Types of collection
Collections are grouped into four different types:
- An integrated metadata search facility for information about archaeological interventions, sites and monuments
- Project archives with data available for download
- Special Collections where discrete data sets can be queried using online tools
- Library resources such as digitised pamphlets books and journals, bibliographic databases, electronic theses and dictionaries
Sites, monuments and event records
A catalogue of archaeological sites and monuments records provides summary details of archaeological research in the UK. It combines records from numerous heritage agencies as well as thematic research projects. An innovative map-based search tool allows fast access to location-based searches, and controlled vocabularies can be invoked to narrow searches. Results can be viewed online or combined into small database files for use offline. Where possible, these records link to other online resources including digital archives. They provide further bibliographic references and contact details for further study.
Archives include fieldwork projects and lab-based artefact and environmental studies. Archived data can be downloaded and analysed off line. This includes all manner of data types, with an emphasis on those data sets that cannot easily be presented in paper publication, but which are nonetheless essential to research. This varies between projects, but includes unprocessed geophysical and topographic survey data, stratigraphic databases and their matrices, photographic images, metrical data, and specialist finds reports.
Some archives are presented with specially created interfaces, where they can be queried and processed online. This includes those cases where the total number of files is too large to be presented as a list of files, or where depositors have created their own interfaces to data. It also presents data such as artefact-based collections that do not integrate well into the metadata engine.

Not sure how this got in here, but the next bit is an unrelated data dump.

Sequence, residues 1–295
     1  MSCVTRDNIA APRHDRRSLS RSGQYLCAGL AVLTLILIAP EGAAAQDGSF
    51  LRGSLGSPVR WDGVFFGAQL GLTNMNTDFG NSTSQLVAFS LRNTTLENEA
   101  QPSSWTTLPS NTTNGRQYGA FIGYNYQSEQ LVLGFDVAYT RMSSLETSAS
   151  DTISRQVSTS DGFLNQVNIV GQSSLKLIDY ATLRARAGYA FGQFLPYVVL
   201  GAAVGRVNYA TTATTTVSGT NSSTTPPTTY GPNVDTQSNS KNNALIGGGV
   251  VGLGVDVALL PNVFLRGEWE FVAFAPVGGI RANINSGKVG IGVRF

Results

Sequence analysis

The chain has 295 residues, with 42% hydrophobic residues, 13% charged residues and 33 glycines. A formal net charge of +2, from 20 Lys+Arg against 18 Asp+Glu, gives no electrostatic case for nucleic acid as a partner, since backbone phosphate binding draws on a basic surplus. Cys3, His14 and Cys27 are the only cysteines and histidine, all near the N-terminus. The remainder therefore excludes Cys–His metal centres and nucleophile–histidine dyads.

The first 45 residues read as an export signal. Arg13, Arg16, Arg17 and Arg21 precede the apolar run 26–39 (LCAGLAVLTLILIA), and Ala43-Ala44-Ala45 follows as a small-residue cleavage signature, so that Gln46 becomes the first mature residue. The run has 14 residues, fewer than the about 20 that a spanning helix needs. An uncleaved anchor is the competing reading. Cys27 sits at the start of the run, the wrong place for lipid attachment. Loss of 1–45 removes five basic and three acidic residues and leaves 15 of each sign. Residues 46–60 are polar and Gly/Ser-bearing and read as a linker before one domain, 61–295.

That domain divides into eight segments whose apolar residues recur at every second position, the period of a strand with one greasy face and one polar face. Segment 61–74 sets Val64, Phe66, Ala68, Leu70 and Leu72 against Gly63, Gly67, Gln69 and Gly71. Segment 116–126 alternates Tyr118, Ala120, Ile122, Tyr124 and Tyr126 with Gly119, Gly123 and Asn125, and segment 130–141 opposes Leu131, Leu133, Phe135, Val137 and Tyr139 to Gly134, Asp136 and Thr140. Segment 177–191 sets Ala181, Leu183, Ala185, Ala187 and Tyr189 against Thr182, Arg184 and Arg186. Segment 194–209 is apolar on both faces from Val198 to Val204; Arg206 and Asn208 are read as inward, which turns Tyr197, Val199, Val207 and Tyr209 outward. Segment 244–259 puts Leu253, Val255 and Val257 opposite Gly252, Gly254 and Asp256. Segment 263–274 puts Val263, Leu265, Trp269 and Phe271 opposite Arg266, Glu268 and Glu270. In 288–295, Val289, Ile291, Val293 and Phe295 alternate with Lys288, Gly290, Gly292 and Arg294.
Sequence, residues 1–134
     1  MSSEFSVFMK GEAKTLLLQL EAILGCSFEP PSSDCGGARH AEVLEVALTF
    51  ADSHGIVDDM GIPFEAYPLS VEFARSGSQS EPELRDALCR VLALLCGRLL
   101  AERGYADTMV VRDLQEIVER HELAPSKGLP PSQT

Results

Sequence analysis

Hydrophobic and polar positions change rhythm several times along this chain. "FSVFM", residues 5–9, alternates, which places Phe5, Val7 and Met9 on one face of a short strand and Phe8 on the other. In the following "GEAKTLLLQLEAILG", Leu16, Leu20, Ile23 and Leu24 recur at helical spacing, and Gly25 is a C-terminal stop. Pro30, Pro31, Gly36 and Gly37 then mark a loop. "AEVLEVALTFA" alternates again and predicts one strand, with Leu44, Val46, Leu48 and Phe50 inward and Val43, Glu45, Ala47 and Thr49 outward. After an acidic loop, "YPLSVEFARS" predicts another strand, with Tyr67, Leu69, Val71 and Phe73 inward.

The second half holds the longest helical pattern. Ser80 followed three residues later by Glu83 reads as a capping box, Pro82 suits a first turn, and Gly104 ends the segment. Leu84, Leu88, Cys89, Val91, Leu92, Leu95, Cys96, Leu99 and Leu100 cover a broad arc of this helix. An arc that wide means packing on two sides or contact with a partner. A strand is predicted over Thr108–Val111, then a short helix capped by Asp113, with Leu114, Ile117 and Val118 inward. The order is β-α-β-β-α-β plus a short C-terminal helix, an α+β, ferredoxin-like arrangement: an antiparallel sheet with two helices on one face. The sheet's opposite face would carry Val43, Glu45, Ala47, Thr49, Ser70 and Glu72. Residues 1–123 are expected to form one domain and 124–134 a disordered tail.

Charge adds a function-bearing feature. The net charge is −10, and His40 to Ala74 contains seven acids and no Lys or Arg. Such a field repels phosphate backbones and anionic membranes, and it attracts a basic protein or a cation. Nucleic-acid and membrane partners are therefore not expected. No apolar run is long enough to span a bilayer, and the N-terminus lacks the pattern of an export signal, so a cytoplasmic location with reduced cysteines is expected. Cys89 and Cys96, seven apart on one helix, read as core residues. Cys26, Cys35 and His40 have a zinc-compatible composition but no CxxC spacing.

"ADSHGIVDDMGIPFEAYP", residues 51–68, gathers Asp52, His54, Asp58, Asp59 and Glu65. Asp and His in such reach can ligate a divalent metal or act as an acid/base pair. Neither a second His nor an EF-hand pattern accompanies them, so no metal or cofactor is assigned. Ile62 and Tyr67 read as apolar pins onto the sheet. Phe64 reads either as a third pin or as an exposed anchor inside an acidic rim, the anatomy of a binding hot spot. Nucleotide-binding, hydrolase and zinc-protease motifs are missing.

A range of library-style collections are also presented, including the full texts of the CBA Research Reports and Occasional Papers, the Proceedings of the Society of Antiquaries of Scotland and a growing number of electronic books, theses and other printed matter. It includes bibliographic databases for use by specialist researchers, and the catalogue of the Society of Antiquaries of London. The Library also includes the ArchWay suite of tools, consisting of a union catalogue of archaeology serials in UK academic libraries, and a table of contents service for the leading 14 journals.
- ArchSearch meta search engine for archaeological interventions, sites and monuments
- ArchWay Table of contents and Union Catalogue
- Defence of Britain: an archive of Britain's twentieth century military defences
- Ave Valley Survey Archive: the results of three years of fieldwork in northern Portugal
- Fyfield and Overton Down Archive: almost 40 years of fieldwork in Wiltshire
- Lower Palaeolithic technology: an archive of AHRB-funded research on stone tools
- CBA Research Reports and Occasional Papers: electronic full texts
- Proceedings of the Society of Antiquaries of Scotland
- Library Catalogue of the Society of Antiquaries of London
... or browse the complete list of collections.
New User? Learn how to use these collections ...
All the collections are available free of charge for bona fide teaching learning and research from: http://ads.ahds.ac.uk/catalogue/ Clicking on "I agree" takes you to the main search screen. Individual collections or files can be linked directly from external websites using the stable url provided. Collections are further supported by a bespoke set of teaching resources that are recommended for those unfamiliar with the sorts of information produced by archaeologists.
Finding out about new collections
An email alert service - firstname.lastname@example.org - carries news of new collections as they are released with details of forthcoming events and news. A dedicated "news feed" can be used to syndicate news about recently added collections to remote websites such as departmental web pages or library web servers.